Towards a new intergovernmental platform to stem chemical pollution around the world

On a street in Dingzhou (Hebei province, China) near the Guohua coal-fired power plant, November 10, 2023.

Off the radar of public discussion, the arduous world of chemical regulation finds itself at a turning point. Historical perhaps. A IPCC chemistry »like the Intergovernmental Panel on Climate Change (IPCC), should come to life in June 2024. Missions, composition and procedures are all strategic questions that will be discussed from December 11 to 15 in Nairobi (Kenya) under the aegis of the United Nations Environment Program (UNEP), during the penultimate meeting of a work group made up of state delegates.

In July 2020, chemical pollution had been designated, along with climate and biodiversity, as one of three planetary crises – ecological and interconnected. THE “toxic fumes of economic growththen erts Fernando Coimbra, the president of the Committee of Permanent Representatives of UNEP, cause the premature deaths of millions of people each year.. More precisely: 8% of the total number of deaths on Earth.

Cancers, cardiovascular diseases, infertility, diabetes, obesity, damage to brain development…: for society, the bill is prohibitive. The cost of diseases linked to exposure to chemicals, estimated a study from the Harvard TH Chan School of Public Health in 2017, exceeds 10% of global gross domestic product. That’s more than ten thousand billion euros per year.

To propose “ actions on a global scale »

While the IPCC has existed since 1988 and the IPBES (intergovernmental scientific and policy platform on biodiversity and ecosystem services) since 2012, chemistry lacked an international platform that matched the challenges.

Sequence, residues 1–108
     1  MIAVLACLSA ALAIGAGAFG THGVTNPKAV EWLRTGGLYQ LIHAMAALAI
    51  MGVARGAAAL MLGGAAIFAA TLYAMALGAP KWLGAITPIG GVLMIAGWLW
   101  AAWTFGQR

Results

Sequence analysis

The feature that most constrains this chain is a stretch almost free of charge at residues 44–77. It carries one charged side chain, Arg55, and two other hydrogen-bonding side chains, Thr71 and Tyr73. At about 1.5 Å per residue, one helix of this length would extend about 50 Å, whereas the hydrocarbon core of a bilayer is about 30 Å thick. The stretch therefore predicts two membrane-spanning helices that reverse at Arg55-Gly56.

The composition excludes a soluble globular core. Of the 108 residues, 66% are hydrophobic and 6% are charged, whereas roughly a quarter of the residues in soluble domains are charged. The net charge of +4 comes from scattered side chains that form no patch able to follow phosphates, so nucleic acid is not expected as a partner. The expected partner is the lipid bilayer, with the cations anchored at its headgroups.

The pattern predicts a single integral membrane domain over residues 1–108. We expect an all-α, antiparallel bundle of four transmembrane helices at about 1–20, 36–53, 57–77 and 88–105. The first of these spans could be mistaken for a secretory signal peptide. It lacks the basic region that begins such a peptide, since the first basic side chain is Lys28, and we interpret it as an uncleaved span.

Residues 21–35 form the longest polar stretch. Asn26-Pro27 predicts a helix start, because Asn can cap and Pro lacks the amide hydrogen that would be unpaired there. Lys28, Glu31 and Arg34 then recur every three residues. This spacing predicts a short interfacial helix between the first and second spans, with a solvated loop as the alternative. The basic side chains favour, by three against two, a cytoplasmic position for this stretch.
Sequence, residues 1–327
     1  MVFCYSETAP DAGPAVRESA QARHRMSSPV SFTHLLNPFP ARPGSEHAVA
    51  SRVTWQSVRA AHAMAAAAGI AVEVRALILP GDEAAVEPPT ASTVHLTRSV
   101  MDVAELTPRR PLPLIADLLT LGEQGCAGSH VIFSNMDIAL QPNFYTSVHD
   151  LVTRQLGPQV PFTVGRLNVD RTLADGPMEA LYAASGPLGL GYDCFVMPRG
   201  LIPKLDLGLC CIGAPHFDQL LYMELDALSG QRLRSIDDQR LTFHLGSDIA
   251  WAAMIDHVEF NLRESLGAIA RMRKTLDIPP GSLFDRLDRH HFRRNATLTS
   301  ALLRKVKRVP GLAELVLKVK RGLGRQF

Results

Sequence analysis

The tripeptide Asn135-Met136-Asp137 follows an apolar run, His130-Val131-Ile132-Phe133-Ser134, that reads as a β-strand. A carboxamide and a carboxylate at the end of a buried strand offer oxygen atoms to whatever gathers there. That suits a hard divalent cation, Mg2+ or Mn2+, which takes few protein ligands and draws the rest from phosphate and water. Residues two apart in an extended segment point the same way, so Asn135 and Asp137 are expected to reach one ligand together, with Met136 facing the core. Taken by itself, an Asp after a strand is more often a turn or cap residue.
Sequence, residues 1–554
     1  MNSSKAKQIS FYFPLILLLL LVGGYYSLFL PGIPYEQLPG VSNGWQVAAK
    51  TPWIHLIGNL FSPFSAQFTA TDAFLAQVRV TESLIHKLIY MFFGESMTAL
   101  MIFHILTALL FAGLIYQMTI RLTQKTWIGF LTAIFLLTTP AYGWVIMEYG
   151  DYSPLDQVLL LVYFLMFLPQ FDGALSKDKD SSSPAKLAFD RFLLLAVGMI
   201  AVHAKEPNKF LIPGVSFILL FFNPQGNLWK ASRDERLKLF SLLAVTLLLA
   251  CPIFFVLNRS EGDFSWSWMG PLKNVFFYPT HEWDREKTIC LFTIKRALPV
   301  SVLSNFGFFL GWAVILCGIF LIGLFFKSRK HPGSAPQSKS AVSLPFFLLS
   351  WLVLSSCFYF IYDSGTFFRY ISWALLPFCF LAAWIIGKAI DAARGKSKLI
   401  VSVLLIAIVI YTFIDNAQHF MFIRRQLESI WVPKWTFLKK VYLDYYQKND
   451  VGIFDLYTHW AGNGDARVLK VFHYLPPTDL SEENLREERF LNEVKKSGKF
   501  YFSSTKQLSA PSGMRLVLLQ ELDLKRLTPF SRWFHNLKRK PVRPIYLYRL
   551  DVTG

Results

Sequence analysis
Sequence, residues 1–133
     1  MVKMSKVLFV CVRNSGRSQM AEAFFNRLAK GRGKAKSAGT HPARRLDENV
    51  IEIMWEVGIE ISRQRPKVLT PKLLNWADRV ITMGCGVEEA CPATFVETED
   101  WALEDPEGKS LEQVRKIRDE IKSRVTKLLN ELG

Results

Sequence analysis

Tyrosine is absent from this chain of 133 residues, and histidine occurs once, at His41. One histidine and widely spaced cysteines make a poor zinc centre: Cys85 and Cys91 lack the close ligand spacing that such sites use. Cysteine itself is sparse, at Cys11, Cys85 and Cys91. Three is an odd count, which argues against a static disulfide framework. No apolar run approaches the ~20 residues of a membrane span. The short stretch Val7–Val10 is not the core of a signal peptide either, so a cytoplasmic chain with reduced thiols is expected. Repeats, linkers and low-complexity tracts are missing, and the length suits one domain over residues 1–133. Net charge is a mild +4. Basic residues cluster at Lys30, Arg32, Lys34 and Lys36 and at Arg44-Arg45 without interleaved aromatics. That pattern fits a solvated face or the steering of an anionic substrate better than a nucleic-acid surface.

It is resolution 5/8 of the United Nations Environment embly which, in March 2022, finally recorded the creation of a “ group of experts on the science-policy interface for the rational management of chemicals and waste and the prevention of pollution » or, in English, the Science Policy Panel… Objective: to propose political solutions and actions on a global scale”, explain Martin Scheringer, environmental chemist at the Swiss Federal Institute of Technology in Zurich (Switzerland), who launched the idea in 2004.

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State delegates, researchers, NGOs… Behind the scenes, many actors are concerned about the role of the chemical industry in the activities of the future panel. Understand: her ability to block them, an exercise where she deploys strategies proven for decades. They particularly fear the pitfall of regulatory capture, which so often sees representatives of the business world participating in processes intended to impose constraints on them. How will the experts be selected? panel? What about their potential conflicts of interest?

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